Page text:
factor

noun
fac·​tor | \ ˈfak-tər How to pronounce factor (audio) \

Definition of factor

 (Entry 1 of 2)

1 : one who acts or transacts business for another: such as
b : one that lends money to producers and dealers (as on the security of accounts receivable)
2a(1) : one that actively contributes to the production of a result : ingredient price wasn't a factor in the decision
(2) : a substance that functions in or promotes the function of a particular physiological process or bodily system a clotting factor that facilitates blood coagulation
b : a good or service (such as land, labor, or capital) used in the process of production
3 : gene
4a : any of the numbers or symbols in mathematics that when multiplied together form a product (see product sense 1) also : a number or symbol that divides another number or symbol
b : a quantity by which a given quantity is multiplied or divided in order to indicate a difference in measurement costs increased by a factor of 10

factor

verb
factored; factoring\ ˈfak-​t(ə-​)riŋ How to pronounce factoring (audio) \

Definition of factor (Entry 2 of 2)

intransitive verb

: to work as a factor

transitive verb

1 : to resolve into factors
2a : to include or admit as a factor used with in or intofactor inflation into our calculations
b : to exclude as a factor used with out

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Other Words from factor

Noun

factorship \ ˈfak-​tər-​ˌship How to pronounce factorship (audio) \ noun

Verb

factorable \ ˈfak-​t(ə-​)rə-​bəl How to pronounce factorable (audio) \ adjective

Did You Know?

In Latin factor means simply "doer". So in English a factor is an "actor" or element or ingredient in some situation or quantity. Charm can be a factor in someone's success, and lack of exercise can be a factor in producing a poor physique. In math we use factor to mean a number that can be multiplied or divided to produce a given number (for example, 5 and 8 are factors of 40). And in biology a gene may be called a factor, since genes are ingredients in the total organism.

Examples of factor in a Sentence

Noun There were several factors contributing to their recent decline. Poor planning was a major factor in the company's failure. 6, 4, 3, and 2 are factors of 12.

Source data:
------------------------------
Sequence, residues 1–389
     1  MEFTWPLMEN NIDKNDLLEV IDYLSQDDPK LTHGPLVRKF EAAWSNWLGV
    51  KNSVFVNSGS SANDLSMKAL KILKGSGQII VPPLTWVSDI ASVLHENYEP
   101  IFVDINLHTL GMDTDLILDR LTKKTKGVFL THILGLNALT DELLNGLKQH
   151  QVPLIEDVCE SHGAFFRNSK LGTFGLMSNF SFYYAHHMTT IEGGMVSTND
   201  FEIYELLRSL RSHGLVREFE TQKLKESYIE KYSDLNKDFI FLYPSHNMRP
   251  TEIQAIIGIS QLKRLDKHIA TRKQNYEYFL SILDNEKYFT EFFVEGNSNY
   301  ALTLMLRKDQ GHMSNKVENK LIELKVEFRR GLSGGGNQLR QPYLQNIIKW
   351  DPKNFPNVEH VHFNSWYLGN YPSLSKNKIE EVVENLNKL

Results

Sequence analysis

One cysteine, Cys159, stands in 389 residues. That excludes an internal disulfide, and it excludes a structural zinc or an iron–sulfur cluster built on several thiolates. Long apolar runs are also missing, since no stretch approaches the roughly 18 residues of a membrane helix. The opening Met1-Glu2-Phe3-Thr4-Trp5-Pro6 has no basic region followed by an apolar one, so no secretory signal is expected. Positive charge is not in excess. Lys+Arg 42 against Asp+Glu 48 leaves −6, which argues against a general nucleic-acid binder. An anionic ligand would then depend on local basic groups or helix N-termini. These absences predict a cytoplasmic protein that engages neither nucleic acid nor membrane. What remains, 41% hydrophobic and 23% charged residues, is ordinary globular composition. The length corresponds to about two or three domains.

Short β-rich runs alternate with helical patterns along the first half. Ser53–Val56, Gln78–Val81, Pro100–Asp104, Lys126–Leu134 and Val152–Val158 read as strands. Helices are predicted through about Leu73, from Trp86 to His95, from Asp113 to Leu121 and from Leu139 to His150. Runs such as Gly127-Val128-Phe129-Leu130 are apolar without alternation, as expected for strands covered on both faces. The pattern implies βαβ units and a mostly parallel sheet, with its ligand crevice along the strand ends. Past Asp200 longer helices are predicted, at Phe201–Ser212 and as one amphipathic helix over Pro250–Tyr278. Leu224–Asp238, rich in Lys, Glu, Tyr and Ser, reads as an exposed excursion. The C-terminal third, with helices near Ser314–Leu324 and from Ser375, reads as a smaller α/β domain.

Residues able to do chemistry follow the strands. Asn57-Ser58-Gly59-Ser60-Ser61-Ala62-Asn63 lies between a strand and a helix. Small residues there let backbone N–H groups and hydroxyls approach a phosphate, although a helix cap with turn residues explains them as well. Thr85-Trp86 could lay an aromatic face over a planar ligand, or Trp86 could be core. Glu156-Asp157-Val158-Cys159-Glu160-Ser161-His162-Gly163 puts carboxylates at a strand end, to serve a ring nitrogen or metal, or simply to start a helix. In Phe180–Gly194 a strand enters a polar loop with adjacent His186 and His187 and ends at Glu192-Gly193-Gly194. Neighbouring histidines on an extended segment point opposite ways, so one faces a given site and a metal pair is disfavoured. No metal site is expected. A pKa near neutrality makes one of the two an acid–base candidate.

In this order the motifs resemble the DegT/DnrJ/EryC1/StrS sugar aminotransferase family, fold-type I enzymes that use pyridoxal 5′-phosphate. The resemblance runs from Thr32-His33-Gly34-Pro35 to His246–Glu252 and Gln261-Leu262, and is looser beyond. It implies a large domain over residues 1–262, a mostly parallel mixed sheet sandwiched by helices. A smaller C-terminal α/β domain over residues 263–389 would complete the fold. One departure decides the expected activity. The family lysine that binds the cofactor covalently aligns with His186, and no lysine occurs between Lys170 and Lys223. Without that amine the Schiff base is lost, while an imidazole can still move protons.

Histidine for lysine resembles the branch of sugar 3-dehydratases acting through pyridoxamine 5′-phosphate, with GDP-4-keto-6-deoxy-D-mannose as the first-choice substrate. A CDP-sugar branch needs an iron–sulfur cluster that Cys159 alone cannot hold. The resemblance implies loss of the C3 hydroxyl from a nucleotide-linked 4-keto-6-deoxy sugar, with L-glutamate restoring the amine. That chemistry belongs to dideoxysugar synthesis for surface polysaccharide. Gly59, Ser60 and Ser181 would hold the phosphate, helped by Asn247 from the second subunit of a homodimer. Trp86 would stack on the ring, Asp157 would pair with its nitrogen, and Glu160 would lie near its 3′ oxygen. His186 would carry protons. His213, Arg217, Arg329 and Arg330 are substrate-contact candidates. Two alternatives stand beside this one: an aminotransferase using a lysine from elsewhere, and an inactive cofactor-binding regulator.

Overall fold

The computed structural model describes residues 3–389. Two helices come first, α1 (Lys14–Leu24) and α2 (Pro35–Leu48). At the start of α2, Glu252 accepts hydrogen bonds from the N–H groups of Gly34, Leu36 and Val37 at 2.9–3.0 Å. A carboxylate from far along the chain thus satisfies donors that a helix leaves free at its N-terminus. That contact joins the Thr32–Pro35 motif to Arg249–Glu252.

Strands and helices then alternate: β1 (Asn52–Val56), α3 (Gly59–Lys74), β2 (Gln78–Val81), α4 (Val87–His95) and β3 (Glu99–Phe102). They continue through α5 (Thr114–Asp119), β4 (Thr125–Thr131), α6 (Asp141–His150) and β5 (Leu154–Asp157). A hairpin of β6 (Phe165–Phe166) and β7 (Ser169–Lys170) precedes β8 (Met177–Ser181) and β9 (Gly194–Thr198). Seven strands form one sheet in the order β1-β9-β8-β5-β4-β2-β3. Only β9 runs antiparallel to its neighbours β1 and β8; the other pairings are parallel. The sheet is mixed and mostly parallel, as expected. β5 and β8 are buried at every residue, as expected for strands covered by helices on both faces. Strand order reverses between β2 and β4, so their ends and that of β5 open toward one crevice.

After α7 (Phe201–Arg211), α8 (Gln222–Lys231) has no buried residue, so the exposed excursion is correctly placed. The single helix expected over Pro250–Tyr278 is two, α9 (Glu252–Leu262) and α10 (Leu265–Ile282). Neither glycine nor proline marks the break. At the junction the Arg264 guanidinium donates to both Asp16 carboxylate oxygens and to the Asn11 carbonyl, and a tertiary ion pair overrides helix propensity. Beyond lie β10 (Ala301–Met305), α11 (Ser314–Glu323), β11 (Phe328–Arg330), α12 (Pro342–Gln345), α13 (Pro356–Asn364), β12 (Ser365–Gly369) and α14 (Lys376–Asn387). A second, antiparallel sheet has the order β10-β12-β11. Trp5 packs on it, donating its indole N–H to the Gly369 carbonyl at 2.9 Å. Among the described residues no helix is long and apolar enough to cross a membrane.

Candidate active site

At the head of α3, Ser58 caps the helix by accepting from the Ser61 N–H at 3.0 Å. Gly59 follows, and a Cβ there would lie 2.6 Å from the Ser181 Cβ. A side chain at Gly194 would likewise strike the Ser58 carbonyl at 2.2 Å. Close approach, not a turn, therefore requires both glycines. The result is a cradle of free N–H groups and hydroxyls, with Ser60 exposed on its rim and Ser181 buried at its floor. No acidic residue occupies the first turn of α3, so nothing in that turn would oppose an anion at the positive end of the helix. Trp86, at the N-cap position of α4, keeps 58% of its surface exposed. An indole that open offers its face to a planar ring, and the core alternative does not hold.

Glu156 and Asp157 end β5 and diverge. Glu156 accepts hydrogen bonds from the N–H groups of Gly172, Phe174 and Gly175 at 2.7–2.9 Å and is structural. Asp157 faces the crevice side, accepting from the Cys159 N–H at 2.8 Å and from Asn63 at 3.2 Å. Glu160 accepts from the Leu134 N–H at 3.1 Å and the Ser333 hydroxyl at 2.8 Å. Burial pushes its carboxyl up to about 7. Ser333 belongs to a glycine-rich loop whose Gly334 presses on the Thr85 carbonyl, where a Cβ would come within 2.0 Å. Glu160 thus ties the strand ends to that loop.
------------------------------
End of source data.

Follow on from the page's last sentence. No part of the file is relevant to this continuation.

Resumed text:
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Recent Examples on the Web: Noun The board will try to determine the factors involved in the accident, and come up with recommendations on how to prevent them. Hal Bernton, Anchorage Daily News, "Coast Guard board to investigate sinking of Scandies Rose crab boat on New Year’s Eve," 26 Jan. 2020 Of course, your application is going to play a huge factor in the longevity of your mani, notes Campbell. Jamé Jackson, Allure, "The 9 Best White Nail Polishes You Can Buy," 25 Jan. 2020 Two key factors in Intel's results have bolstered Swan's case. Aaron Pressman, Fortune, "Intel’s fourth quarter boom blows its troubles away," 24 Jan. 2020 The State Department has to consider factors including national security, terrorism, international crime and foreign policy when items from the USML are purchased and exported. Josiah Bates, Time, "21 States File Lawsuit Against Trump Administration Over 'Dangerous' Changes to Federal Firearm Regulations," 24 Jan. 2020 Sparty’s 3-point defense (28.1% — 8th NCAA-I), offensive depth, and trend toward fewer free throws allowed are compelling factors. Marcus Mosher, USA TODAY Sportsbook Wire, "Michigan State at Indiana college basketball odds, picks and best bets," 23 Jan. 2020 Once the alien force begins taking over in earnest, however, the film turns overloaded and incoherent by degrees, piling on too many underdeveloped factors. ... Detroit Free Press, "Other movies: Sci-fi tale 'Color Out of Space' goes over the top," 23 Jan. 2020 The study, from Oxfam and the Institute for Women's Policy Research (IWPR), zeroed in on how U.S. women and men spend their time and, in a twist, adjusted for factors such as educational attainment and work status. Aimee Picchi, CBS News, "Women do more grunt work at home, no matter their pay or education," 23 Jan. 2020 Various factors include your schooling, and both parents' ability to take care of you. Amy Dickinson, oregonlive, "Ask Amy: Teen wants to go live with Dad, Mom says no," 23 Jan. 2020 Recent Examples on the Web: Verb Investors, meanwhile, must recognize the value of nature and the costs of its degradation, systematically factoring it into their decision-making, as the world's biggest fund manager BlackRock committed to last week. CNN, "Disasters like the Australia fires happen when businesses ignore the climate," 21 Jan. 2020 STDs factored in the study were HIV, gonorrhea, chlamydia and syphilis. Leada Gore | Lgore@al.com, al, "2 Alabama cities have some of highest levels of sexually transmitted diseases in the country," 14 Jan. 2020 The photos did not stand alone as objective truth, and the circumstances of their creation were factored into the court proceedings. Alexis C. Madrigal, The Atlantic, "What Is Even Going on Out There?," 10 Jan. 2020 The Reds ranked 12th among 15 National League teams with a .315 OBP last season, which factored into their offensive struggles despite a franchise-record 227 home runs. Bobby Nightengale, Cincinnati.com, "Cincinnati Reds nearing a 3-year deal with Japanese outfielder Shogo Akiyama," 30 Dec. 2019 Notes from that meeting and other documents obtained through the Arkansas Freedom of Information Act shed more light on the back-and-forth with Brogdon and what factors the state considered leading up to the Nov. 4 denial. Arkansas Online, "Suit takes issue with state veto of licenses," 29 Dec. 2019 The mortality rate was so high plantation owners factored in the cost of bringing in new free labor from Africa every year. USA Today, "Slavery reparations stir contentious debate. Why Brown and other universities are trying to make things right," 17 Dec. 2019 But recent studies show a woman could receive a more individualized, accurate cancer risk estimate by factoring in other gene variants. Jocelyn Kaiser, Science | AAAS, "'Polygenic' profile could better predict disease risk for those with cancer mutations," 17 Dec. 2019 To date, the Bears have averaged a 26.9 rating in their home market, a 5% drop from the same point a year ago despite a midseason adjustment in Nielsen’s ratings methodology, which have factored in out-of-home viewing since October. Phil Rosenthal, chicagotribune.com, "Bears’ win over Cowboys was a hit nationally, but it was also their lowest-rated prime-time game locally this season," 6 Dec. 2019